Friday, July 31, 2009

Skagway, Alaska

Skagway, Alaska, the second port of call, was born during the historic Gold Rush of 1898. Thousands of gold-crazed adventurers, seeking the best starting point for their arduous trek found the deepest penetration possible by boat, at the northern tip of the Lynn Canal. This is how Skagway was born. Visitors can relive the past by riding the world-famous White Pass and Yukon Railroad and then visit a historic gold-rush camp. There you can browse through cabins and tents that were once used as a bakery and a saloon. Another point of interest is the Chikat Glacier system, where frozen rivers of ice surge between high mountain peaks.

I hope all that impressed you because I copied it directly off the Daily Compass, which Royal Carribean Cruise Line so kindly leaves in our room each night! They think of everything! All you have to do is eat, nap and drink in the beauty of you surroundings! It's all very lovely and restful.

There was a lot to see on Skagway! Below is a my pictorial perspective of our stroll through Skagway.....

A new twist on the old 'bottle tree' concept.

Flower 'beds'!

Vintage baggage cars.

Interesting old architecture.

Patriotic bunting and flags were on display to celebrate the 4th of July.

Everyone will tell you this train ride is a must! We didn't listen, unfortunately.

Hand painted mural, depicting the Alaskan gold rush.

Antique cars are availible for drivng tours around town.Streetview away from the docks....

....towards the docks where boats , anchor.

Great old buildings! Love the gilded 'onion dome', a remnant of Russian influence.

This facade of this building is an interesting pattern made by 'sticks' !

So cool!

...and apparently durable, to be over 100 yrs. old!

Horse drawn carriages are plentful.

Surrounded by lush mountains.


Lot's and lot's, and lots of shops!...

...and interesting sites.

Sugar Mamas looked inviting!

Thankfully, these nice ladies made it easier to walk on by, chew sugarfree gum and drink bottled water. There were several churches in Skagway. Which reminds me to ask apologize for posting that last picture....tackiness is so unattractive!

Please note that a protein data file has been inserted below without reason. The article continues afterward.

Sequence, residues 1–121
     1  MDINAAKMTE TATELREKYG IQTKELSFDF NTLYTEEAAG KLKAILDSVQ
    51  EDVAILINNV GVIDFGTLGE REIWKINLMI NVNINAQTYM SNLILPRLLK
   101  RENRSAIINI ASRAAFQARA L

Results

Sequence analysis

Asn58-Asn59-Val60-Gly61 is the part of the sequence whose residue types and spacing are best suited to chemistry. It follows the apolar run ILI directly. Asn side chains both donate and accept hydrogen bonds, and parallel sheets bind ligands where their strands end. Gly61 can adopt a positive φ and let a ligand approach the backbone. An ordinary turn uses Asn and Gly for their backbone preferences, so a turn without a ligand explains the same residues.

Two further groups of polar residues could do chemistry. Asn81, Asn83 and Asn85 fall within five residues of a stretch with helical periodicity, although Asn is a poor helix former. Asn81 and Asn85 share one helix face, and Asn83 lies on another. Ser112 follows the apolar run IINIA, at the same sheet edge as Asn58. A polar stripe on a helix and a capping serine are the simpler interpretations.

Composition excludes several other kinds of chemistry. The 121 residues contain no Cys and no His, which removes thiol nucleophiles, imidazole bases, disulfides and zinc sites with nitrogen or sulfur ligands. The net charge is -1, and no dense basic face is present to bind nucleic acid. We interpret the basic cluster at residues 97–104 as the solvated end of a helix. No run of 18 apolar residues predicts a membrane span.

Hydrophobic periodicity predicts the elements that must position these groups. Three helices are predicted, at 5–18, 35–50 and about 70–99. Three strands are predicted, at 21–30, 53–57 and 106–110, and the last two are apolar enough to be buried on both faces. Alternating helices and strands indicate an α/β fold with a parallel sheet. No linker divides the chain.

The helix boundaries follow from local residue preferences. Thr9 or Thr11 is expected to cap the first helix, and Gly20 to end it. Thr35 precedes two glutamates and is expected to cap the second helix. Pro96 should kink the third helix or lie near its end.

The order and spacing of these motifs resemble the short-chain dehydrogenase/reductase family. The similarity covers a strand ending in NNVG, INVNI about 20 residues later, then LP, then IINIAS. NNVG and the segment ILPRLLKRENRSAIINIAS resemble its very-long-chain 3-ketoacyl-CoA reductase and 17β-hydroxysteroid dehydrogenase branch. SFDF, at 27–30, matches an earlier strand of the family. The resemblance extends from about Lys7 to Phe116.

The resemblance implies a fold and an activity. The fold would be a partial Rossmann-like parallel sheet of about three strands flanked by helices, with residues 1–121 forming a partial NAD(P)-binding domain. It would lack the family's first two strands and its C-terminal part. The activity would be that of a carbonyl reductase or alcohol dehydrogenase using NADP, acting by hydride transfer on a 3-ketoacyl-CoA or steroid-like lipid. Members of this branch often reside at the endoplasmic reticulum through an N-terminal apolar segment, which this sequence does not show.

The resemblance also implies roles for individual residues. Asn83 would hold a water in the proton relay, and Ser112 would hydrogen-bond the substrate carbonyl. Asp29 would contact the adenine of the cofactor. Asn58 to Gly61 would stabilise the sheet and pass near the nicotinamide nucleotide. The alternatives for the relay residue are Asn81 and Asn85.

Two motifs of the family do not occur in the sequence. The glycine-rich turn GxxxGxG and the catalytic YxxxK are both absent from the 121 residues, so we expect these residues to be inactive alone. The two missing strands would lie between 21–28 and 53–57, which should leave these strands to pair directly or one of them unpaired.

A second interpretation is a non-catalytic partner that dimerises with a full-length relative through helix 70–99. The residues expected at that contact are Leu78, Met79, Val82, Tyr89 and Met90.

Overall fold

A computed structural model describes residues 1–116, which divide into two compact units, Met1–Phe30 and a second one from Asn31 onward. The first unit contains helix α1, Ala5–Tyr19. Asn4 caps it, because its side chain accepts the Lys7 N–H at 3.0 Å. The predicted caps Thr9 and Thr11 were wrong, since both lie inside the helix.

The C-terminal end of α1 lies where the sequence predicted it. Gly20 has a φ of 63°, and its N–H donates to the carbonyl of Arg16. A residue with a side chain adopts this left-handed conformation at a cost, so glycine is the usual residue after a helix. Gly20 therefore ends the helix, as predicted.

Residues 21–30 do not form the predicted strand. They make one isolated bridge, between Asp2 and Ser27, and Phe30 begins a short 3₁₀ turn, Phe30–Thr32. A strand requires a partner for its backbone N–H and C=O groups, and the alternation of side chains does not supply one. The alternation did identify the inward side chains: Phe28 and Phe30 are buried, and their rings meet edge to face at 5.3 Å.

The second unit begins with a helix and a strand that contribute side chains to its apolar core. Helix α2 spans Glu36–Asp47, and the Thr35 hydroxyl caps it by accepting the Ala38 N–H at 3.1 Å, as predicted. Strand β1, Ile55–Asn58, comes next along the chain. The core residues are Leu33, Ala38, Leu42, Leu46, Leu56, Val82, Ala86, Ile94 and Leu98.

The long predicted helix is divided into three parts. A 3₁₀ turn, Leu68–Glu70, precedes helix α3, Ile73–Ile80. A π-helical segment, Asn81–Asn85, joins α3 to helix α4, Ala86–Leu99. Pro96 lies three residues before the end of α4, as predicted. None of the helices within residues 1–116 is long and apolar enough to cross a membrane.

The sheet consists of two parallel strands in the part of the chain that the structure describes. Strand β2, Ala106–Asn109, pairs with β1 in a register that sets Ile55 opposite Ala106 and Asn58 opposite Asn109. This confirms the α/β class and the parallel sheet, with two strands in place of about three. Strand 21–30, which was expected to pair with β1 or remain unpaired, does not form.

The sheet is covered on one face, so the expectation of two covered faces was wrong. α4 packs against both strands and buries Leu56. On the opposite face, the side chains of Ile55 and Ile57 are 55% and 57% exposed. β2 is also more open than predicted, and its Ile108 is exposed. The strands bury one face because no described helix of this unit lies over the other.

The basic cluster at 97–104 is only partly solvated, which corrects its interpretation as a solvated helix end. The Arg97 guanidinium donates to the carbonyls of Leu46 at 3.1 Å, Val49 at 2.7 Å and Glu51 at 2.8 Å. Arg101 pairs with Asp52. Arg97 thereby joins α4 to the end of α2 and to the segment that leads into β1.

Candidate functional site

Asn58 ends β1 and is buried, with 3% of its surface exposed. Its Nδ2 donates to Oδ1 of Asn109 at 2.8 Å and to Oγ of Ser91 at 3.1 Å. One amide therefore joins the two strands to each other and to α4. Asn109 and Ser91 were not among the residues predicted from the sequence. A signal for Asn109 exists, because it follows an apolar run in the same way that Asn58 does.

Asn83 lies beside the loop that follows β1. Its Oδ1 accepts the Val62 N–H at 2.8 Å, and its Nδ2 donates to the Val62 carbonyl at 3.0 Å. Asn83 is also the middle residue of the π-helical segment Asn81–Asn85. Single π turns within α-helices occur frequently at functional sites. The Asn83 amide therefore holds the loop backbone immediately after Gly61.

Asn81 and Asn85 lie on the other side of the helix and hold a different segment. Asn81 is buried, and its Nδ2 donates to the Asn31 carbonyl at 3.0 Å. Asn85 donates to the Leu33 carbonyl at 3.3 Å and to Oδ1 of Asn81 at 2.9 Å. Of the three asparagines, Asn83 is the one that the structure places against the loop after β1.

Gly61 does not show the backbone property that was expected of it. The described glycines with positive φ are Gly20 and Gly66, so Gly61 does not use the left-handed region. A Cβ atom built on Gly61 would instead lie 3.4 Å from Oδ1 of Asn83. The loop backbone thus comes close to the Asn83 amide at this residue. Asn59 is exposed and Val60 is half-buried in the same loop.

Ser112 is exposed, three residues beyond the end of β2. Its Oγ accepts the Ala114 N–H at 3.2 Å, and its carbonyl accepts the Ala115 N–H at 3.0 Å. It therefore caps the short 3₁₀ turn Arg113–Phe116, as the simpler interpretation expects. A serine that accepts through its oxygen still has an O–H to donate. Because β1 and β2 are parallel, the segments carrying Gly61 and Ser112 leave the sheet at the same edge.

Love these weathered colors!

I just love old cars....and trucks and houses and furniture and dishes and fabrics and books and...

Can you say C-a-d-i-l-l-a-c ?

There's more!


Can you read the name?


Oh! How cute!

WOW!...I don't know what to say?

I'm continually amazed at how well things grow up here. Everything is so green,

and colorful,

and big!
This is rhubarb! least 4 feet tall!

... chippy paint and galvanized metal and white clay flower pots and old concrete garden urns .....

Skagway was a 'happening place'.

My favorite!

...and old watches and buttons and pencils and letters and milliner roses and prisms and taxider
Walking, walking, walking.....

Did I say how much I love old houses? I wish I could figure out how I could get paid to go inside old houses and look around! My dream job.

...and anitique safes and old oil paintings and photos and watering cans and metal garden chairs.

Back to the boat! So long glad i don't hve time to run back down to Sugar Mamas!

Coming up! Juno! The Capital of Alaska.......and a memorable day!

Thursday, July 30, 2009

God's country! - Misty Fjords

On day four, we woke up to find we were traveling through a narrow passage, called the Misty Fjord. Photographs can hardly capture the amazing beauty of such a place. The peacefulness, the quiet, the absence of civilization, the magnicance and the scale are something one simply must experience. The captain of the Serenade of the Seas, had carefully considering today weather and water conditions before deciding to take the ship through this narrow passage. Our destination? To travel as far back as we could, and get a close look at a glacier. It is hard to explain how 'out of place' a 975 ft. cruise ship must look in such vast wilderness. And yet, I was so grateful for the opportunity to experience the breathtaking beauty of what one friend called, "God's country". It was very cold on deck. Everyone was definetly bundled up!

The we traveled into the Fjord we began to see icebergs. First small and then large.

This is a large blue iceberg is glacier ice.

Finally, we get a glimpse of the glacier. The ship captain will get as close as he can, then rotate the ship 360 degrees, 3 times. Giving everyone a good view.Here are several pictures of sea lions...just hanging out! Again, the scale of things is really hard to comprehend....the average adult sea lion weighs 800 lbs.

We were told that the mountains with rounded top's were less than 3,500 feet and were shaped by glaciers. Those with jagged points, above 3,500 feet.

A hug waterfall and a large piece of glacier ice floating in the water.

The color was amazing!

My best close-up of the glacier.

Glaciers are hundreds of feet of frozen water/river. If a man were standing at the base of this he would be barely visable. We're talking big! Oh, and those are not tire tracks. Unless they were made by the 'jolly green giant' in his big monster truck!